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  1. #21

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    Eeh pally Geneius, you've done well girl. I looked into this query late and got confused, tis what happens these days - if I'm not in in the beginning I find it difficult to get my head round it! Well done Jean.

  2. #22
    Knowledgeable and helpful thewideeyedowl's Avatar
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    Default What happened to Charles Ezard?

    Have finally caught up with this - wasn't around at all yesterday - and find you have all been beavering away on my behalf. Thank you. (And I have now been able to see those newspaper snippets. Thank you !)

    As a result of all this activity, I find myself becoming more and more interested in Charles Ezard b. 1840, Kilham, ERY. He is in my One-Name Study, rather than in family researches - but, of course, a link might emerge. It is the enterprise of Charles and his original partners, Richard Rowbotham and Isaac Sykes, that seems to have triggered the migration of several Ezard families from the East Riding to the Bradford area of Manchester. So families went for the new jobs that were on offer??? The area round Bradford expanded rapidly during the second half of the 19th century, because it offered what was necessary for industrial development - coal, water, good transport, a flat-ish terrain, clay (from which bricks were made). Lots of folk cashed in on this, presumably - amongst them those three young men from ERY.

    Charles initially prospered and in 1881 was living in a big house at Heaton Norris (a 'good' suburb?), with his large family (#9). He states that he was employing 100 men and boys in the iron foundry/hollow-ware manufacturing business. (There is an enumerator's mark through the middle digit, so that number might be '160' or '180' ; whatever, this was a sizeable concern.) He is listed in Slater's 1883 Trade Directory of Manchester, which probably went to print before his financial problems emerged.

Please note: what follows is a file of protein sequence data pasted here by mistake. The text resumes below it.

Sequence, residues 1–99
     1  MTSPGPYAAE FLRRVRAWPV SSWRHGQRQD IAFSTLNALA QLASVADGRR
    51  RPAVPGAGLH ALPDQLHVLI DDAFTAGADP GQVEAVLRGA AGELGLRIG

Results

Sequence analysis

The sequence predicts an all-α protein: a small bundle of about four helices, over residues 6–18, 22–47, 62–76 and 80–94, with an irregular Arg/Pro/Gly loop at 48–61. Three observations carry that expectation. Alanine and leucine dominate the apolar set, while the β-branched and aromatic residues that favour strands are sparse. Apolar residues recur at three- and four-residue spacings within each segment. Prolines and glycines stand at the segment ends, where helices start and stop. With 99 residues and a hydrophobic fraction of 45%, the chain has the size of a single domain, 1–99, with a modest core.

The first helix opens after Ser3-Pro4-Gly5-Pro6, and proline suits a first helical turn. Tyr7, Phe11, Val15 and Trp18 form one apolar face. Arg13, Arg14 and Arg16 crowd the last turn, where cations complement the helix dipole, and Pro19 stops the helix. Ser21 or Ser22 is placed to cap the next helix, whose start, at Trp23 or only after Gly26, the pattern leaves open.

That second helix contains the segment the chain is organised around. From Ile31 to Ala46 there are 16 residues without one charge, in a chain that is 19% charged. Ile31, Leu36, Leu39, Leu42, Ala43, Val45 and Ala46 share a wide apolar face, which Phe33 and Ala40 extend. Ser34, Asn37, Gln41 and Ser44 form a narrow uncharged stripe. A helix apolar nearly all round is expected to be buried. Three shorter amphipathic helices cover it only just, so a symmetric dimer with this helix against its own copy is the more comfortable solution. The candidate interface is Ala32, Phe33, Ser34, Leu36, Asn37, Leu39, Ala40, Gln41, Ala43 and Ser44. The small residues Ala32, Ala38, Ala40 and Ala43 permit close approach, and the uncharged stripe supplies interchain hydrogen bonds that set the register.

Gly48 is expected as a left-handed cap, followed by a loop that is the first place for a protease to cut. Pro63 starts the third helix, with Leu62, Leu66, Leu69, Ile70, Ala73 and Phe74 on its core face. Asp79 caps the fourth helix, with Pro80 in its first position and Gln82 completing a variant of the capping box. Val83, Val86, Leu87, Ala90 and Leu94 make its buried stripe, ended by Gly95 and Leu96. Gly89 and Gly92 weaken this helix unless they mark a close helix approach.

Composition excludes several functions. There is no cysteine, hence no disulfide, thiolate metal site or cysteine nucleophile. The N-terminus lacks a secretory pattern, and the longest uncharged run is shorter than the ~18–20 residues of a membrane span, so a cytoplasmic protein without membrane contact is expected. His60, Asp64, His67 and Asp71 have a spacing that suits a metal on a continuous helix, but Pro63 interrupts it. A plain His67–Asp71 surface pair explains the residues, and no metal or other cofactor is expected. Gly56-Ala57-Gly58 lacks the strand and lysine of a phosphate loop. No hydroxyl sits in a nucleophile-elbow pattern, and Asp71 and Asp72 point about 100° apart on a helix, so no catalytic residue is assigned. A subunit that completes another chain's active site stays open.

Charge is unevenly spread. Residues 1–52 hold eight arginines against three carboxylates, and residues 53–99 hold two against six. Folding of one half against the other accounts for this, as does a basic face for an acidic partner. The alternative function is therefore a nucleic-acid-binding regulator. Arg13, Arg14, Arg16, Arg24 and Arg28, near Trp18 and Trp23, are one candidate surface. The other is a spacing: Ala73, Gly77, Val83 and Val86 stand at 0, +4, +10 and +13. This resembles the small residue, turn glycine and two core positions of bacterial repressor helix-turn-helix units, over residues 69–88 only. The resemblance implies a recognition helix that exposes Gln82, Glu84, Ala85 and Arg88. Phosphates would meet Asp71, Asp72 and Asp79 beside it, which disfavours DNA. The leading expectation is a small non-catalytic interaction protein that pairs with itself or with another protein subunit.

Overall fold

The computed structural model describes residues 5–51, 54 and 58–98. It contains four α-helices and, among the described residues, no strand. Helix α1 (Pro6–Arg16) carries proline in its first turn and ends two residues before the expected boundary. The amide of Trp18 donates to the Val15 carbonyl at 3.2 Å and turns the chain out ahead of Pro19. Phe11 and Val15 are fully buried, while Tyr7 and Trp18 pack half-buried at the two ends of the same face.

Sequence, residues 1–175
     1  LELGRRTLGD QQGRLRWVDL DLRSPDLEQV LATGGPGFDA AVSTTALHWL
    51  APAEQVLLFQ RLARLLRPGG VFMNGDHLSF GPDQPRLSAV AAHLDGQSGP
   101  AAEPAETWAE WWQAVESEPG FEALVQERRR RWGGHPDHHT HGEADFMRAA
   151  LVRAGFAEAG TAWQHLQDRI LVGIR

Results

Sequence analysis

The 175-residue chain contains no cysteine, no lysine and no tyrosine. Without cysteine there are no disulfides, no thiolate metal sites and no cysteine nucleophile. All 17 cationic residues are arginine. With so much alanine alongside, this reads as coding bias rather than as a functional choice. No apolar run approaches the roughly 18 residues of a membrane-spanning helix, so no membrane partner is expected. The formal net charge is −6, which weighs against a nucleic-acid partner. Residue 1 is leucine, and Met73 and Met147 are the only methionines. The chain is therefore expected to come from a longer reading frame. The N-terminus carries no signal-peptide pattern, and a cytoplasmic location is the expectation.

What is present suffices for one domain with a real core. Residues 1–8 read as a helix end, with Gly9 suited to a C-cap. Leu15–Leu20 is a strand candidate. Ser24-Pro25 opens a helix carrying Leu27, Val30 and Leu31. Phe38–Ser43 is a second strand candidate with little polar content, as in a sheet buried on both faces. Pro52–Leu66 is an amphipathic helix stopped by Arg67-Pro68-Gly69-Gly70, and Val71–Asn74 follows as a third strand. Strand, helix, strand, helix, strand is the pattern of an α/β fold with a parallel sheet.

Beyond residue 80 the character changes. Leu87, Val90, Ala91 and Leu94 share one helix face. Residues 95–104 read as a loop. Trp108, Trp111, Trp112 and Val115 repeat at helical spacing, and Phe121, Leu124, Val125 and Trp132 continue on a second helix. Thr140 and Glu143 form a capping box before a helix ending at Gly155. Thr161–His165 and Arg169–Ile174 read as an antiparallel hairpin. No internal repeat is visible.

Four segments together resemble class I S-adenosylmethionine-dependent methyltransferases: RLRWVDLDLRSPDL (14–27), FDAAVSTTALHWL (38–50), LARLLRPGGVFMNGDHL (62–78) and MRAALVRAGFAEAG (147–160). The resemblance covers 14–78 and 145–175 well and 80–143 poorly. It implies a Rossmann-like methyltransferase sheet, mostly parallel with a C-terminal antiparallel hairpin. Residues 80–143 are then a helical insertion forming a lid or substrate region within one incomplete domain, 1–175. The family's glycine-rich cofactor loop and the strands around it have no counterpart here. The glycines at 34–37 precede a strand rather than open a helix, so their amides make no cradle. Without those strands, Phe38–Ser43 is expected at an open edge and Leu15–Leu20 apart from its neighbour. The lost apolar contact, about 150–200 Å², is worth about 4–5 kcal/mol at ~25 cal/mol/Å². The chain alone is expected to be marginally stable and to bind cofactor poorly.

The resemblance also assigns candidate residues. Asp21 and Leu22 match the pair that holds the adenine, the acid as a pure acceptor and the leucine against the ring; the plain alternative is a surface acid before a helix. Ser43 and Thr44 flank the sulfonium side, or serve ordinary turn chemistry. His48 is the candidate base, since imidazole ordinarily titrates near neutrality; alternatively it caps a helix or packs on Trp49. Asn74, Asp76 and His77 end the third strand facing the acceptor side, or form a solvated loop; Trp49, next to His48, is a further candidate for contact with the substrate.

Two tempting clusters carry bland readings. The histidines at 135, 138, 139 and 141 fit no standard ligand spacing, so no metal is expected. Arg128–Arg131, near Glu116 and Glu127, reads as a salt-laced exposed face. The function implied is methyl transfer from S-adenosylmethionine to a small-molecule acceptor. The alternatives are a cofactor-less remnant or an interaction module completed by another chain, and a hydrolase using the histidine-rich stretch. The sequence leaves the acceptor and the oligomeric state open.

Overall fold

Anyway, in the spring of 1883 he went into liquidation, with debts totalling over three times the value of his assets (debts: c 7468, assets: c 1867). Handley & White, accountants of Manchester, were the trustees in his liquidation. They appointed a man called William Fieldhouse to manage the tinplate business and it looks as if Charles continued to work there, but as 'tinplate worker' [newspaper report, 1885]. However, William Fieldhouse and a man called Hartshorn started filtering off money and when they were found out fled to America; William came back and was charged with embezzlement in 1885.

    Charles then disappears from the records. I have not found him in the 1891 census, and I have not been able to identify a death. (Free BMD shows five Charles Ezard deaths between 1885-1940, but none of them could be this man because the ages do not match to an 1840 birth.) So what on earth happened to Charles and his family? Did they emigrate?

    Any suggestions? Any possible sightings?

    Owl

    Notes added after going through the whole thread again:
    Ref #10 The marriage in Australia between a Charles Henry Ezard and an Emily Ayres is not, to the best of my researches to date, anything to do with this immediate family. (Go on - prove me wrong!) The newspaper states that CHE had come to Victoria as a child of five. In 1881, the Harry Ezard who was the son of Charles Ezard, iron founder, was already 18 (#9). Perhaps CHE was a son of that Harry/grandson of Charles Ezard, iron founder? That would indicate that at least Harry went to Oz, and that he was already married.
    Ref #14 Thank you for the links to those old maps - have been going cross-eyed mousing over them! But they are very interesting. Peter Whitehead makes the point that the industrial heritage of this area has been completely lost (see link in my next post above this one).

  3. #23
    Knowledgeable and helpful thewideeyedowl's Avatar
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    Default EZARD link to George EZARD 1779-1859

    We have established that, in 1867, there was an influx of EZARDs from the East Riding to the Bradford area of Manchester. This was, mainly, to do with the iron foundry business run by Richard Rowbotham, Charles Ezard and Isaac Sykes; in addition, Charles's uncle William Ezard, 1812-1886, went bankrupt in Filey and moved his family to the Bradford area.

    Anyone looking at the 1871 census for this area is struck by the sheer density of Ezards on two pages. I have now discovered that they all link back to George Ezard 1779-1859, the illegitimate son born to Jane Ezard and George Clarkson. See this thread: https://www.british-genealogy.com/th...-Meaning/page2

    1871 RG10 Piece 4059 Folio 76 p17
    Charles Ezard b. 1840, son of James Ezard b. 1814, the youngest son of illegitimate George Ezard.
    William Ezard b. 1812, third son of illegitimate George Ezard.
    Rachael Rowbotham b.1844, sister of Charles/daughter of James (see above)/wife of Richard Rowbotham.

    1871 RG10 Piece 4060 Folio 44 p27
    James Ezard b. 1814, youngest son of illegitimate George Ezard.

    Plus, all but one of the Ezard children listed on those 1871 census pages. The exception is a 'George Ezard/21/nephew' - haven't yet established how he fits in. Working on it! ('Nephew' might be used here loosely as 'kinsman'. Not sure.)